From now until the 2021 NFL Draft takes place, we hope to showcase as many prospects as possible and examine both their strengths and weaknesses. Most of these profiles will feature individuals that the Pittsburgh Steelers are likely to have an interest in, while a few others will be top-ranked players. If there is a player you would like us to analyze, let us know in the comments below.
#7 Amen Ogbongbemiga/LB/Oklahoma State — 6007, 231 lbs.
- Good athleticism and length
- Solid understanding and awareness in Zone coverage
- Blitz ability with acceleration to close quickly
- Quick ability to identify run keys and attack gaps
- Good tackler inside when he kept clean
- Flexibility to slip under blocks and good pursuit all over the field
- Coverage skills overall need improvement
- Marginal angles and very grabby in Man coverage
- Poor block destruction and shedding
- Loses sight of the ball while following keys
- Marginal working through traffic
- Angles are too shallow to the outside leaving him lunging and missing tackles
- Career — 208 tackles, 131 solo, 25 TFL, 9 sacks, 1 INT for 4 yards, 3 FR, 4 FF
- 2020 — 80 tackles, 50 solo, 5 TFL, 2.5 sacks, 2 FR, 3 FF
- Team Captain
- 2019 OSU Leslie O’Neal Award (Defensive MVP)
- 2017-2020 first team Academic All-Big 12
- 2019, 2020 second team All Big-12
- In high school, part of a 37-game win streak that nearly set a Canadian record
- In high school, competed in track and field
- His brother, Alex, played football at Houston and in the Canadian Football League
- Accounting major
With the re-signing of Vince Williams, inside linebacker may be pushed down the list of “needs” in the 2021 NFL draft. Amen Ogbongbemiga (pronounced AY-men awg-BONG-beh-MEE-guh) is an inside linebacker in Oklahoma State’s 4-2-5 defense. He has solid size and good length.
Against the pass, he was used primarily in Zone coverage, but was occasionally in Man usually on the running back. In Zone, he has solid athleticism and gets good depth on his drops. He plays with his eyes to the quarterback and has solid awareness to get a jam on receivers running through his area. He has solid change of direction to close on throws in front of him and is solid tackler. In Man coverage, his assignment was usually to the running back in the flat or to carry him on the wheel. As a blitzer, he has good acceleration and good timing on green dog blitzes and can get pressure when he has a lane.
Against Iowa State, Ogbongbemiga (7) is on the far side on the 50 yard line and will come on a blitz. His initial lane is blocked, but he displays good acceleration to get the pressure and QB hit.
Against Texas, the outside blitz will force the QB to step up, and he closes the gap quickly and gets the sack.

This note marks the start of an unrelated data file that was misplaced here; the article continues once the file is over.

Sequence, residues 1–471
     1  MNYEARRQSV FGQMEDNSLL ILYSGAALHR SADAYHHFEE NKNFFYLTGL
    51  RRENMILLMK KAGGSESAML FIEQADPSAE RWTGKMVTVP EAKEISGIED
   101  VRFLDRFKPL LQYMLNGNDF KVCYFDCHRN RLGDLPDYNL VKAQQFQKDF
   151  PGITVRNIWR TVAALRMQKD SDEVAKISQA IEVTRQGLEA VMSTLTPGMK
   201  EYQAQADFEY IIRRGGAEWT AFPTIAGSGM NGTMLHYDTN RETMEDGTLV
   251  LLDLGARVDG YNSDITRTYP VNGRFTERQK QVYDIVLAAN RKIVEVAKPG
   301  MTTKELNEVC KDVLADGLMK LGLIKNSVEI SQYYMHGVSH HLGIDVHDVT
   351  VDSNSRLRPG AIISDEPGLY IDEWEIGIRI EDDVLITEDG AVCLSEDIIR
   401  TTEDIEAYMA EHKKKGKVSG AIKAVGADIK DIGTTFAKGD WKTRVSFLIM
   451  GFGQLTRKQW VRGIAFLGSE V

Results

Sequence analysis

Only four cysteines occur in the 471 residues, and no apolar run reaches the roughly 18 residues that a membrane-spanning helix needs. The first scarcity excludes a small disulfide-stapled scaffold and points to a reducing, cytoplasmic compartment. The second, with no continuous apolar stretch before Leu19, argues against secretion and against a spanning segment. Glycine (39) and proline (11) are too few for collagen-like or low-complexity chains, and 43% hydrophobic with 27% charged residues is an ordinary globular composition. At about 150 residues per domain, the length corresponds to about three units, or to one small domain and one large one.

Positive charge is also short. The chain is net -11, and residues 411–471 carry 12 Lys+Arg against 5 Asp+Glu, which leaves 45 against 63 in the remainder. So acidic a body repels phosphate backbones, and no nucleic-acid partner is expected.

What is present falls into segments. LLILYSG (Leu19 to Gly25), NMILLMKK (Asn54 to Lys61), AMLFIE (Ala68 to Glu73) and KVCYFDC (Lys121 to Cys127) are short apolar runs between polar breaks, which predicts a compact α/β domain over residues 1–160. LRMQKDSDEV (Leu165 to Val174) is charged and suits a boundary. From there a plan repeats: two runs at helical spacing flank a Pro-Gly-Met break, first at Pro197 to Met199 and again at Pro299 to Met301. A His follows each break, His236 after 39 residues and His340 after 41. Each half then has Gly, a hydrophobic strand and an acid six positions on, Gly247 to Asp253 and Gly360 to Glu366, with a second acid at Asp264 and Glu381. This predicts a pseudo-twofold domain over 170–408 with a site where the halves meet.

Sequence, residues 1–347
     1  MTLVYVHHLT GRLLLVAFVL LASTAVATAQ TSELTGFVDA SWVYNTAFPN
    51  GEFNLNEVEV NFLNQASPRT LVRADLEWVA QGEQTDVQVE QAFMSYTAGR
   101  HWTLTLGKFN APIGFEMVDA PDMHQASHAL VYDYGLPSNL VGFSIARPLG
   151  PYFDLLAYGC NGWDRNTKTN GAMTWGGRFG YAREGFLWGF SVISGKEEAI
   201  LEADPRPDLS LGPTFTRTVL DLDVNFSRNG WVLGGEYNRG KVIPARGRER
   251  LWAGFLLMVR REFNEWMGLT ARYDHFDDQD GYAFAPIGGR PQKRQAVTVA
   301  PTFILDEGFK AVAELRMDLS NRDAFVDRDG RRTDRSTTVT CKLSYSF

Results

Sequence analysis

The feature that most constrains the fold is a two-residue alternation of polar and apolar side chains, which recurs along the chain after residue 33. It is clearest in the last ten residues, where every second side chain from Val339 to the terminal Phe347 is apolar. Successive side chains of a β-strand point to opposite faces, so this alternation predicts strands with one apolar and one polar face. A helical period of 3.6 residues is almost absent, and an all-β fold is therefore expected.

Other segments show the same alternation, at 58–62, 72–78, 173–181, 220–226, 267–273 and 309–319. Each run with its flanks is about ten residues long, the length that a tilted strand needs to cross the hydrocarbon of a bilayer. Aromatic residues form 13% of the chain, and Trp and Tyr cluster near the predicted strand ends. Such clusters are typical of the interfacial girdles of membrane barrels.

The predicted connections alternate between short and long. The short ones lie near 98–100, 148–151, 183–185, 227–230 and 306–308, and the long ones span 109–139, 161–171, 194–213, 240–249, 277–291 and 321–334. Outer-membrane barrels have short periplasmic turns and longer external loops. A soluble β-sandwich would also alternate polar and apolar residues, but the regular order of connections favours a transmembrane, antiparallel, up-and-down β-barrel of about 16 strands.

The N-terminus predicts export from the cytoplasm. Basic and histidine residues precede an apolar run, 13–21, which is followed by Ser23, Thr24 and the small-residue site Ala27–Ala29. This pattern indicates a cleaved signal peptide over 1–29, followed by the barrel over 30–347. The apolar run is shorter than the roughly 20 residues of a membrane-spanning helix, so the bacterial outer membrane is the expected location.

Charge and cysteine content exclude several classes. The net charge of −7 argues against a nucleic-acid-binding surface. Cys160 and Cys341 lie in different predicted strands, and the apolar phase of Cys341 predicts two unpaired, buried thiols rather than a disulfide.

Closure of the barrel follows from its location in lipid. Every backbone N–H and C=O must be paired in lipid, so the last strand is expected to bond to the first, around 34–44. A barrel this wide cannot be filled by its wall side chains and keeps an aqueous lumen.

Against the run, he has good awareness of pullers and lead blockers and reacts quickly to get himself into position to fill gaps and take on blockers. He shows good flexibility to attempt to slip under offensive lineman. He is a solid tackler on the inside when kept clean and shows good pursuit to the outside and downfield.
Again against Texas, he is keying on the running back on this play, and reacts quickly to beat him to hole and make the stop.
In a game against Miami, he is the linebacker on the far side and shows good pursuit across the field to make the tackle.
Another one vs. Miami, when he is kept clean these are types of plays he can make. Quick into the gap with the agility to bend and make a tackle.
In the games watched, he didn’t show ball skills against the pass, with him not being close enough in coverage to make a play on the ball. In Man, coverage he is very grabby and takes marginal angles to the outside too shallow to handle the wheel route. When blitzing, he needs a lane to make an impact. He loses sight of the ball when reading pulling blockers and was often on the wrong side of the play. When taking on blockers he often uses the wrong shoulder, leaving a gap for the runner, and is unable to shed OL blocks at the LOS or on the second level. Adequate physicality in his tackles and takes poor angles to the outside, leaving him lunging and slipping off tackles rather than running through the ball carrier. He is marginal working through traffic and avoiding blocks in space.
At Texas, he’s on the left side and will pick up the RB and takes a bad angle to the receiver, leaving him forced to attempt to catch up.
At Oklahoma, he quickly reads the pulling offensive lineman, but unfortunately the play goes the other way.
At Oklahoma, here he hooks up with the center and can’t get off the block and gets driven downfield. He needs work on avoiding and shedding blocks.
Overall, Ogbongbemiga has good athleticism, is solid in Zone coverage and is solid coming on the blitz. He reacts quickly to keys, is willing to fill gaps and take on blocks and shows good pursuit all over the field. Areas for improvement include work on his coverage techniques in Man and Zone, not losing sight of the ball versus the run, block shedding and destruction, and better angles to the outside to run through ball carriers.
Ogbongbemiga played primarily inside in college, but I think his best fit as a pro would be as a WILL linebacker where he can react and chase rather than read and try to go through blocks. Get him behind a defensive line that keeps the linebackers clean and in a defense the plays Zone coverage. For Pittsburgh, he would be a depth linebacker to try to develop and use on special teams. If he can improve his diagnosing skills, he may be able to play inside.
Projection: Late Day 3
Games Watched: 2020 vs. Iowa State, vs. Texas, at Oklahoma, vs. Miami